Friday, 4 May 2012

A writing experiment - Achtung Fetish

I recently had one of those random conversations on Fetlife that took an interesting twist. I was exchanging emails with the guy who runs the Achtung Fetish porn site and we kicked around the idea of me writing a story to accompany a photo set. This is standard for the site - all the sets come with a short story - but the idea of doing one intrigued me on a couple of levels.

Firstly, I wondered how it would work trying to write a story around a set of pics that had already been taken, so the 'narrative arc' was more or less given.

And secondly, since the subject matter was breathplay, which I know is popular but also know is very risky, I wondered if I could do a treatment of the pics that both respected the images and was erotic, but nonetheless conveyed the point that there is no such thing as safe breathplay.

Essentially, breathplay risks both immediate problems of hypoxia (lack of oxygen to the brain with possible damage to brain cells), and less well known, risks of heart attack because your heart works much harder to try to get oxygen to the brain, and the strain can result in a heart attack not only at the time but hours or even days later. There are other risks too but those are the main ones.

The results are on the Achtung Fetish website, but before you go looking for a link bear in mind you'll be linking to the samples page of a membership-based site that specialises in hardcore, edgy and sometimes quite transgressive porn. That said, you can get a quick sample (not the whole thing) on their free updates page (for now: it will presumably change soon) and on their blog page (which is probably a more stable link).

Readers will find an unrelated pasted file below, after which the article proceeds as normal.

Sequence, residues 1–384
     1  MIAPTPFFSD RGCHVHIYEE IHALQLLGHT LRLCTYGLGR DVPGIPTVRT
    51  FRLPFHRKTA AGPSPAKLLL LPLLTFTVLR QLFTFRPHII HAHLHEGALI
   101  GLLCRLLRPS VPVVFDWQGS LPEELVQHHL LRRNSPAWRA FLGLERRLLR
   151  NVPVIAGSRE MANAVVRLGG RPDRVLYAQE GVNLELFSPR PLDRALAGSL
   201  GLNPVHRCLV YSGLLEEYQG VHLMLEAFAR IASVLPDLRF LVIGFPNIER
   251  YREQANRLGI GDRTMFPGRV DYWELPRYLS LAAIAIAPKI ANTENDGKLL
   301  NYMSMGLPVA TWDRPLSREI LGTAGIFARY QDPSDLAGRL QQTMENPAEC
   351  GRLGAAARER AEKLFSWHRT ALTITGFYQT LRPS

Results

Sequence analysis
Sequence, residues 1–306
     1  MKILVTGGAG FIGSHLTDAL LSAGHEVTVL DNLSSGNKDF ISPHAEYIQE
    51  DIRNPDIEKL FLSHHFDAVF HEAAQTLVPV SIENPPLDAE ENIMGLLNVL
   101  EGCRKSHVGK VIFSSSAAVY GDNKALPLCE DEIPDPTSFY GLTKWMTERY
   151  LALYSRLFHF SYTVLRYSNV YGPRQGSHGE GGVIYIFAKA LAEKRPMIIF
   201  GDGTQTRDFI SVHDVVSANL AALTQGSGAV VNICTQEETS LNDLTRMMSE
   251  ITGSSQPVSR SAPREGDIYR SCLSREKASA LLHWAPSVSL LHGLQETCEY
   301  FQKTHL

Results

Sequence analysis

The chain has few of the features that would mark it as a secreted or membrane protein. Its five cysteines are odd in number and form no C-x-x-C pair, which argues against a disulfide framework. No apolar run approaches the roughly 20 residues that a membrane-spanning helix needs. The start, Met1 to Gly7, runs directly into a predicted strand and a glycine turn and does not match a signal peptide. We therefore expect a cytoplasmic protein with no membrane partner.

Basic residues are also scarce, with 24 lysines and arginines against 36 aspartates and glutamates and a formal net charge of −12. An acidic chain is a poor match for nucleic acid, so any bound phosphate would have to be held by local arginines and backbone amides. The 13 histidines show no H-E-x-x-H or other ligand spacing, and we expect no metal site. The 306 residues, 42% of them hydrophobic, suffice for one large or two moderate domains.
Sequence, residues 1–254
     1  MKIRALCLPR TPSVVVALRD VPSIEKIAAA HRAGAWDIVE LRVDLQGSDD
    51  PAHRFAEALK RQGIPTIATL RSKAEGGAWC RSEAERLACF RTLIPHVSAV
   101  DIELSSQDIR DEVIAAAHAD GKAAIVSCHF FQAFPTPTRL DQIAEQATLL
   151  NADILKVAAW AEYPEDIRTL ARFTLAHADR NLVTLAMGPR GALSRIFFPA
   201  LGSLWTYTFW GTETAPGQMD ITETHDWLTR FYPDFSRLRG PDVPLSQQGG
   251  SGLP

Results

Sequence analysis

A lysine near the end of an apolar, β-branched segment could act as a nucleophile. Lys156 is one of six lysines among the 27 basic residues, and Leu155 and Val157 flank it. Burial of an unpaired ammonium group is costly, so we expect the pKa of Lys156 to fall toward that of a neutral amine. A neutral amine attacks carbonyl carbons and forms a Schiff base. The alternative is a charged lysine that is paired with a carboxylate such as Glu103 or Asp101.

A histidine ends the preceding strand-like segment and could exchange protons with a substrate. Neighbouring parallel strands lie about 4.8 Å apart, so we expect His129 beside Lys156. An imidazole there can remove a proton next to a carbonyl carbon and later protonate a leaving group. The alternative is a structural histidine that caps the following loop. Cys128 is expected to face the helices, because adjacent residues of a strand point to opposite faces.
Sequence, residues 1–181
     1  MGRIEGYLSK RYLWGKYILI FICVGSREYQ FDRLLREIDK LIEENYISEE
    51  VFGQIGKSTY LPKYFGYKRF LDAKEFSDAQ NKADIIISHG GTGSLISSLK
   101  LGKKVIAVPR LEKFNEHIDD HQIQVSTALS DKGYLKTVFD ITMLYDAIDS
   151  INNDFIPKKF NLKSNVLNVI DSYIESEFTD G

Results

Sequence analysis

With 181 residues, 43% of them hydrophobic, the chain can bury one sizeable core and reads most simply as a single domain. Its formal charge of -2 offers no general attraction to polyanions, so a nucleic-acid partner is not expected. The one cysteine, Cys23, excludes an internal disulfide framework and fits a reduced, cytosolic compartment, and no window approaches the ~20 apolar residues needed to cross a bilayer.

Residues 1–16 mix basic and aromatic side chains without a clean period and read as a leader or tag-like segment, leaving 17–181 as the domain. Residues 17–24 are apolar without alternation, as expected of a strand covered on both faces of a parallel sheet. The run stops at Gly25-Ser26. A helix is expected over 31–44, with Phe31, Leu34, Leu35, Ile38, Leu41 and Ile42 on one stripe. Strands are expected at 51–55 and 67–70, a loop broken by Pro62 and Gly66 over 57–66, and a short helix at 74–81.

So how did it work out?

On the first point, a lot of the pics are fairly similar to each other, at least from a writer's point of view - for example they have the same model in the same pose, shot from several different points. My solution to this was to use internal monologue, narrating the model's thoughts as the scene progressed - including some elements external to the picture about her background, previous experiences, knowledge of bdsm, and so on. In fact since the first pic shows her posed on rocks on a seashore, naked except for thigh-length leather boots, I had to devise a passage that placed her plausibly in that situation to start with.

I did have a phone conversation with the photographer to find out how, when and where the set was shot and some of that information fed into the story, and I know the model is a professional fetish model, but if the story reflects anything of her life at all that'll just be happy coincidence...

On the second point, I was pleased to be able to write successfully on something that's perhaps more transgressive than my usual topics, and to write on something that is definitely not a favourite practice of mine. This is because back in the day when I was a dungeon monitor at a fetish club, one guy decided to do some autoerotic asphyxiation - nice and quietly, in the shadows in the corner of a playspace where he thought he wasn't visible. And he did it by locking a collar round his neck tightly. He didn't bother to let anyone know the key to the collar's padlock was attached to a chain round his ankles (he thought he'd be able to reach it with his handcuffed hands) and he was lucky I spotted him in time and had a torch handy to look for the key. It was one of the less pleasurable moments of being a DM and a good example of why, if you absolutely must asphyxiate yourself, it's a good idea to make sure someone else knows and is close by, watching, knowing what to watch for, and is able to release you quickly.